AB ranks as Protea great's best

AB de Villiers (Gallo Images)
AB de Villiers (Gallo Images)

Pretoria - AB de Villiers is the best batsman in the world at the moment, former teammate Mark Boucher said in Pretoria on Thursday.

"Any time AB gets a 100, it's going be difficult to stop South Africa winning," the former Proteas wicketkeeper said.

"That's why he is the best batsmen in the world, in all formats of the game, as far as I'm concerned."

A passionate conservationist, Boucher was speaking at the announcement of the joint venture between the Castle Lager Boucher Legacy programme and the Blue Bulls, in an effort to bolster the fight against rhino poaching.

His cricket career ended prematurely when he was struck in the left eye by a flying bail during the Proteas' tour of England in 2012.

While the Proteas held the mantle as the number one Test playing nation, they were ranked third in the 50-over format and a World Cup trophy still eluded them.

Boucher rated highly South Africa's chances at the next tournament -- to be jointly hosted by Australia and New Zealand in February next year --providing their key players hit their straps at the right time.

"We've got world-class players and, on any given day, if any one of the top six come off, they'll win against any side," he said.

"To have AB in top form is key. There are not too many sides who can bowl to that man at the moment. Any cricketer who has any knowledge of the game just needs to look at AB and can see he is something different.

"So to have him in good form will be half the battle won already ... he's probably a step ahead of anyone in world cricket."

Boucher listed the batting line-up of Hashim Amla, JP Duminy, Faf du Plessis and David Miller and said if they all came into form, at the same time, they would be unbeatable.

"There are no weaknesses in the batting and with Quinton de Kock coming through -- he is an immense talent. He's young and goes out and plays his game with freedom, which is awesome.

"The side has a nice balance of skill and maturity which could compete with any of the best batting line-ups in world cricket at the moment. India, when they're on song, have a very strong batting line-up but I think we can match them. It's just about form.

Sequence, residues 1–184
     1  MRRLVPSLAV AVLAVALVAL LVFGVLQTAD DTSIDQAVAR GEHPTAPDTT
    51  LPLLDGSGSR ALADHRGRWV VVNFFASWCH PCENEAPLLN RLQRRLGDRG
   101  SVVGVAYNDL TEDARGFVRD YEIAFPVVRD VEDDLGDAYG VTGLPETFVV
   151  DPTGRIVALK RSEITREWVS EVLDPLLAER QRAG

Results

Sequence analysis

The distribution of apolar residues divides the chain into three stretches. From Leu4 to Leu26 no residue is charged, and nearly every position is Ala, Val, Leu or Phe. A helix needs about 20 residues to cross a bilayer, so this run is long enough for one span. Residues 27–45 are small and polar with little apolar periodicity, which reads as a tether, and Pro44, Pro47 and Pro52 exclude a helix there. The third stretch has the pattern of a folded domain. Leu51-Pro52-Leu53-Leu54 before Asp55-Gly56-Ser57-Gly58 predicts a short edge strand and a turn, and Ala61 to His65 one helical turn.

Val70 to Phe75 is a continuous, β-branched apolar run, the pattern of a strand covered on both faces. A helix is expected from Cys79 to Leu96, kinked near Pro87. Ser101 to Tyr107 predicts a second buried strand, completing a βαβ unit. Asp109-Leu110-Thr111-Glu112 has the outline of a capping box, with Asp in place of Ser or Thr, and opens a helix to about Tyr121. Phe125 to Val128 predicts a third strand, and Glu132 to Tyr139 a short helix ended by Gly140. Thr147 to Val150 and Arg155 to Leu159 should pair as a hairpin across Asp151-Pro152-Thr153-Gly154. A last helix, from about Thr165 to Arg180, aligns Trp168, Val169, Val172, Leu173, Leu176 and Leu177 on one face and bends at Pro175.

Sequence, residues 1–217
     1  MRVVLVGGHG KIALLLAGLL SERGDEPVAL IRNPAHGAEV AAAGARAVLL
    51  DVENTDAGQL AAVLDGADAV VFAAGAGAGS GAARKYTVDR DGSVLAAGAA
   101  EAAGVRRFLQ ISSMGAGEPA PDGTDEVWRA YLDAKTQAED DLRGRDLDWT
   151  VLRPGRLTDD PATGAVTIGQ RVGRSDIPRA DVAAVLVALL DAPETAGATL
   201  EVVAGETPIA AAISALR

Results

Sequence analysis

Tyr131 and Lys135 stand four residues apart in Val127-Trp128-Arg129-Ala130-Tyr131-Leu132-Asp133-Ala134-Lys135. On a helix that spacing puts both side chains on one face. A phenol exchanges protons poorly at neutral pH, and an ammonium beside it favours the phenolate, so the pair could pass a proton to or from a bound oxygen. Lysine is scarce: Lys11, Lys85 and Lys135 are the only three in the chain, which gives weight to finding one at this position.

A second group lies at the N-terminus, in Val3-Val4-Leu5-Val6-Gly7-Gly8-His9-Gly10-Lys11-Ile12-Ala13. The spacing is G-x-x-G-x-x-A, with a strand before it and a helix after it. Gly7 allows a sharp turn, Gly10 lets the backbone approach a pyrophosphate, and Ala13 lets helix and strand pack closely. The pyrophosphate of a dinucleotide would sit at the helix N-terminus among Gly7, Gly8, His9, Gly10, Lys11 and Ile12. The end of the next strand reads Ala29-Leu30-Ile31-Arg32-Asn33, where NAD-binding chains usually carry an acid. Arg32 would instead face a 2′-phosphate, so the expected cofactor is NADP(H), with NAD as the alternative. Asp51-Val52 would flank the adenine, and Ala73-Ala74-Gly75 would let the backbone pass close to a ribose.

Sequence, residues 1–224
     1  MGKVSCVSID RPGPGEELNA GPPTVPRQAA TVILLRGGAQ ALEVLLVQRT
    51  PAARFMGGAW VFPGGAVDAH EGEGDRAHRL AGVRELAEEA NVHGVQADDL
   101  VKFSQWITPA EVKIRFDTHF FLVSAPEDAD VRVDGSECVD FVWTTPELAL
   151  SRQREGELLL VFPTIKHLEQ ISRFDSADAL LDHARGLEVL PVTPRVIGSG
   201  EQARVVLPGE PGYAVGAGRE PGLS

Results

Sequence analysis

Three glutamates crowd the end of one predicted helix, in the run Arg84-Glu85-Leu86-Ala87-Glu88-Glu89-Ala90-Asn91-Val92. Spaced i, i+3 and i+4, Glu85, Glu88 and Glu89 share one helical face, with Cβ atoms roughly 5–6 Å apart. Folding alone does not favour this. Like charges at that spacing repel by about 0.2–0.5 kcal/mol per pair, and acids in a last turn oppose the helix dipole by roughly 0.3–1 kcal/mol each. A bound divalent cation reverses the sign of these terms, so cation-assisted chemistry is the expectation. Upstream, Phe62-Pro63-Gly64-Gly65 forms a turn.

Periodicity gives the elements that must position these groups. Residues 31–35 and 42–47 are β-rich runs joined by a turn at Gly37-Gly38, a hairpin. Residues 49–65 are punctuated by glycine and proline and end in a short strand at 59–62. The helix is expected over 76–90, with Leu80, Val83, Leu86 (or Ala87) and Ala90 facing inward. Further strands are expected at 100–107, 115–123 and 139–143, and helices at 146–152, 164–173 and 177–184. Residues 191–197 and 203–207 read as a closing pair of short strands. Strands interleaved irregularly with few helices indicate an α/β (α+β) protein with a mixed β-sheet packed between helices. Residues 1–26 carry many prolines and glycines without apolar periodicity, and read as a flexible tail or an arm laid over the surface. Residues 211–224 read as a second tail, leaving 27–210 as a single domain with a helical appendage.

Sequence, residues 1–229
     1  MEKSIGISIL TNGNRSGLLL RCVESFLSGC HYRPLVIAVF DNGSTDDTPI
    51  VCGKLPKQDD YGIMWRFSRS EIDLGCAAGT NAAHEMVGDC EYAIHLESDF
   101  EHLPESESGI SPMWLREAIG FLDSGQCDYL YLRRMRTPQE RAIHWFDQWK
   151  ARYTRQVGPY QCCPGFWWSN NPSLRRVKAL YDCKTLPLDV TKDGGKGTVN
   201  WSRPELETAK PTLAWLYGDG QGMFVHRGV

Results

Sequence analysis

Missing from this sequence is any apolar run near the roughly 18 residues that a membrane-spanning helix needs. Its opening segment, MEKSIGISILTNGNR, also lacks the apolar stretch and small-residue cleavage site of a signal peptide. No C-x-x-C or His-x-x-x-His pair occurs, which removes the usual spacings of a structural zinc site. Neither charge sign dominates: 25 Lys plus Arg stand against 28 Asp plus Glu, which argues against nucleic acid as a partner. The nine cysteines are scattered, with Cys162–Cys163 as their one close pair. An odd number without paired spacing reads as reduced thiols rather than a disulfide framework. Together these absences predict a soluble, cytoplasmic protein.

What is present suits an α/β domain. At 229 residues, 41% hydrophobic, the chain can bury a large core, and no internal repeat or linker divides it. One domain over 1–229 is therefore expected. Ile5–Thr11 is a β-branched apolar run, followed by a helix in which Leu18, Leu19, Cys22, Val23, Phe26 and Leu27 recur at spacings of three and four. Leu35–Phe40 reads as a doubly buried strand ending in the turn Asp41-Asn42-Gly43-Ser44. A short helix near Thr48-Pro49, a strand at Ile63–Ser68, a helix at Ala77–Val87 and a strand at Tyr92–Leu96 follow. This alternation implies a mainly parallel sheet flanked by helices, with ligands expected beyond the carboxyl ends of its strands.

"You have to hit form at the right time in the World Cup. Can you imagine if all six hit form at the same time? Our bowlers would be bowling to scores of around 350 in every game."

Keeping the players fresh and hungry for success was another key element, he said.

"We've never been a side of superstars but we're getting into that mould, so it's about keeping the players nice and hungry and keeping the passion up for them to perform well, day in and day out, for the country.

"The last thing you want is guys going into the World Cup completely drained. We all know there's a lot of cricket being played at the moment, probably too much, so if management decides to rest one or two players for games which we should win fairly easily -- on paper -- then it's up to them to decide.

"Against Australia, we should go in all guns blazing because that's the test. Ultimately you want to be beating those guys and be trying to get one over them before big tournaments.

"But I wouldn't mind if one or two guys were rested in other games to keep them nice and fresh."

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